Ecotourism is a Balancing Act

When choosing an ecotourism vacation, our impact on the global ecosystem can't be ignored. Air, sea and road travel add carbon dioxide as well as various other air-borne pollutants into the world's atmosphere. Tourists often have no choice but to fly to their remote destination, making air travel a significant issue for those of us trying to be environmentally responsible. It is very difficult to quantify exactly how much total pollution a particular flight costs because the size of the jet, how full it is, cruising altitude, length of flight and how many stops are made all affect the figure. Try to limit your stopovers when you fly. A great deal more jet fuel is consumed when a jet is taking off and gaining altitude than when it is cruising.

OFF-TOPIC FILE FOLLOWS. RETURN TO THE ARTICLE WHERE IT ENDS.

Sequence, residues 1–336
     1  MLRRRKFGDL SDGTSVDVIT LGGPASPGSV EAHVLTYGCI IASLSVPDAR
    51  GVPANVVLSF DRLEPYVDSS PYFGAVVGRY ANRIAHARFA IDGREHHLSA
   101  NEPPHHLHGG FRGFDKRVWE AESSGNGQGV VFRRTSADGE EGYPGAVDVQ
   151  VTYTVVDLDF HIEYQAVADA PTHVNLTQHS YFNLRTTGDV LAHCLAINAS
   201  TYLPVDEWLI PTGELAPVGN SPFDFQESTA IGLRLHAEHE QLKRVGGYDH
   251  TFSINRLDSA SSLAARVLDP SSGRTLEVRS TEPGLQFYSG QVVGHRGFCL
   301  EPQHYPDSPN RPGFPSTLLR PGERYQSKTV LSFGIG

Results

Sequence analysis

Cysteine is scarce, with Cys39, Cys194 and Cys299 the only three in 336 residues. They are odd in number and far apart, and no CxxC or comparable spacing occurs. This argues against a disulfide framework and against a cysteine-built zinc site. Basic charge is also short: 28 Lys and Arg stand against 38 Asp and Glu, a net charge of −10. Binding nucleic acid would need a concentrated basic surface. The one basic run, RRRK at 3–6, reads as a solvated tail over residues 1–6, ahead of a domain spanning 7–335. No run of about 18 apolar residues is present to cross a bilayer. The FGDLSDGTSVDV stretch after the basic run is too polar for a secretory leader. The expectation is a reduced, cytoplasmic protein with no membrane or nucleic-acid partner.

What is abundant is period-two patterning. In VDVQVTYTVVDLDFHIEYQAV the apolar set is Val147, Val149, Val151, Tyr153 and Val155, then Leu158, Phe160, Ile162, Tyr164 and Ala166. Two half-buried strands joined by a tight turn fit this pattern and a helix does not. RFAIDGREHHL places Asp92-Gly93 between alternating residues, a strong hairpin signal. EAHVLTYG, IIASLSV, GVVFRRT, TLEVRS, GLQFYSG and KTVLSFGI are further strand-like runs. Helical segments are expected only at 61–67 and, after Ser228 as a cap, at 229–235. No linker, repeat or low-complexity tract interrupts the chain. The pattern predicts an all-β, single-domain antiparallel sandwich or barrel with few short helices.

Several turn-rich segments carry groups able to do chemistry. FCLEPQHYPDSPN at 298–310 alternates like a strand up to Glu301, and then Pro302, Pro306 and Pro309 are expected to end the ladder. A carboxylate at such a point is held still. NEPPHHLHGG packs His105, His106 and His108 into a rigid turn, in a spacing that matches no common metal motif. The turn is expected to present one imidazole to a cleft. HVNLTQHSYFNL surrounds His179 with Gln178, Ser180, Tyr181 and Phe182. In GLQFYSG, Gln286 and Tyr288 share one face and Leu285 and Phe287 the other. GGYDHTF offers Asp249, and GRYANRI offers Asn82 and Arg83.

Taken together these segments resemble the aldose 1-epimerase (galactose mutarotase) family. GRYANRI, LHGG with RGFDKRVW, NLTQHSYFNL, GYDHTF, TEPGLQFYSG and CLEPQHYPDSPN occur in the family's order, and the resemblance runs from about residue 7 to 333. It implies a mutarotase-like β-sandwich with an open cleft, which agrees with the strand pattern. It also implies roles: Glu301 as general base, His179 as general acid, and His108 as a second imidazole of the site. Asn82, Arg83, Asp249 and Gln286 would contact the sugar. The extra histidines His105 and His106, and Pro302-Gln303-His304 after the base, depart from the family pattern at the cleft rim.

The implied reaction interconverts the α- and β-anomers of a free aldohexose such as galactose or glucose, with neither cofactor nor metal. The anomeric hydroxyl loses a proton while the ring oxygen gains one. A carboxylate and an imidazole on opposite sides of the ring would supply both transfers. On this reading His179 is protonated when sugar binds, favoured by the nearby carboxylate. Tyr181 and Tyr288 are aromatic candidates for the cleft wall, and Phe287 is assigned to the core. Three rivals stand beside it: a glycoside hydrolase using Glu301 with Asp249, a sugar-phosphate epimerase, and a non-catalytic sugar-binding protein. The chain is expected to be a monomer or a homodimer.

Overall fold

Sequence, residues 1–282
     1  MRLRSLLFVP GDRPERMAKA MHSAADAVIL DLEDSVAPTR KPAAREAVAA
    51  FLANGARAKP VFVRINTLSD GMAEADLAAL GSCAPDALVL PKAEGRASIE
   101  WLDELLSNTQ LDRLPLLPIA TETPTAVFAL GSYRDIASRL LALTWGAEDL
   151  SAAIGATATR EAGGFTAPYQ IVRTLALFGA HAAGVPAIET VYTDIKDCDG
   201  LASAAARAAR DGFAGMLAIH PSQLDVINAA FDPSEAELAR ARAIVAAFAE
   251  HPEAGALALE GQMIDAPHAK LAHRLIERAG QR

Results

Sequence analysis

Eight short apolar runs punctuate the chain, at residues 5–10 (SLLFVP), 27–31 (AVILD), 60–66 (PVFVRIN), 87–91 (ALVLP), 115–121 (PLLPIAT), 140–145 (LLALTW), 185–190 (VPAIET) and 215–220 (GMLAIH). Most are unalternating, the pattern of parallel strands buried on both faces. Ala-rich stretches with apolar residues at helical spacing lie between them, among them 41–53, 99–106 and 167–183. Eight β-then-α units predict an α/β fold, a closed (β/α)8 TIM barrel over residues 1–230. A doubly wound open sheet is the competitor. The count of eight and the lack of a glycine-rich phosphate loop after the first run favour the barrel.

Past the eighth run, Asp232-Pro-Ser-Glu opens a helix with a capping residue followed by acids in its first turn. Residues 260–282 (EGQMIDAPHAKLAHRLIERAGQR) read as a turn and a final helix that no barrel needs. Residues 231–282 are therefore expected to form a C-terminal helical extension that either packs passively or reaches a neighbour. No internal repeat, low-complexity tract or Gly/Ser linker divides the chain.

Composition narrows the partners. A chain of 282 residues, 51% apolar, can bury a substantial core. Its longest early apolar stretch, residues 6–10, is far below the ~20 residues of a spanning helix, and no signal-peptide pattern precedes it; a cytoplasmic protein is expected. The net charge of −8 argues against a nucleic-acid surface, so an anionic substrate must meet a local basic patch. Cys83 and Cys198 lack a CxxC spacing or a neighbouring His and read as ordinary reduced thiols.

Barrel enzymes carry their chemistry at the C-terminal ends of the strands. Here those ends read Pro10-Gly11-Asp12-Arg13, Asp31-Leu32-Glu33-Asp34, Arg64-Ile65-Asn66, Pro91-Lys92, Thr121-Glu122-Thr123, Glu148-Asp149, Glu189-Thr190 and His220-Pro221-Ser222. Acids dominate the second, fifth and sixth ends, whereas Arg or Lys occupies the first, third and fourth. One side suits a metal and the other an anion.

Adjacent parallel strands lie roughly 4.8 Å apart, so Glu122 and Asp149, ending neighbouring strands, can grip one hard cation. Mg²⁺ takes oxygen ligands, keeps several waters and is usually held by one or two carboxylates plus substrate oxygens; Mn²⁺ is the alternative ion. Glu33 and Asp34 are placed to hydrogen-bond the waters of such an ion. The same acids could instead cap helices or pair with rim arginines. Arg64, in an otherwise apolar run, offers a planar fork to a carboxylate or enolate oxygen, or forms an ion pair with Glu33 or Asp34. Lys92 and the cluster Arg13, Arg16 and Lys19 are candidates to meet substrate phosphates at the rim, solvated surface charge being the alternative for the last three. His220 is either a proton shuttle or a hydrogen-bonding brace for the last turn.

According to, a general carbon footprint for a typical long distance flight is around 114 grams of carbon dioxide (CO2) per kilometre per passenger equivalent. That means that a one-way trip for one person from Edmonton to Jan José, Costa Rica, adds about 700 kg CO2 into the atmosphere. That is close to 1/10th of my entire annual average Canadian footprint of 9 tonnes. While in Costa Rica, we took an approximately one hour (each way) Twin Otter flight through Nature Air, but I can in better conscience leave this footprint off the list because this airline is carbon-neutral. It offsets its carbon footprint through donations to tropical forest conservation efforts as well as contributions to the NatureKids Foundation and the use of biodiesel in all of its ground fleet vehicles. We were weighed, along with our luggage, in order to calculate the flight's footprint, and a strict weight limit is imposed.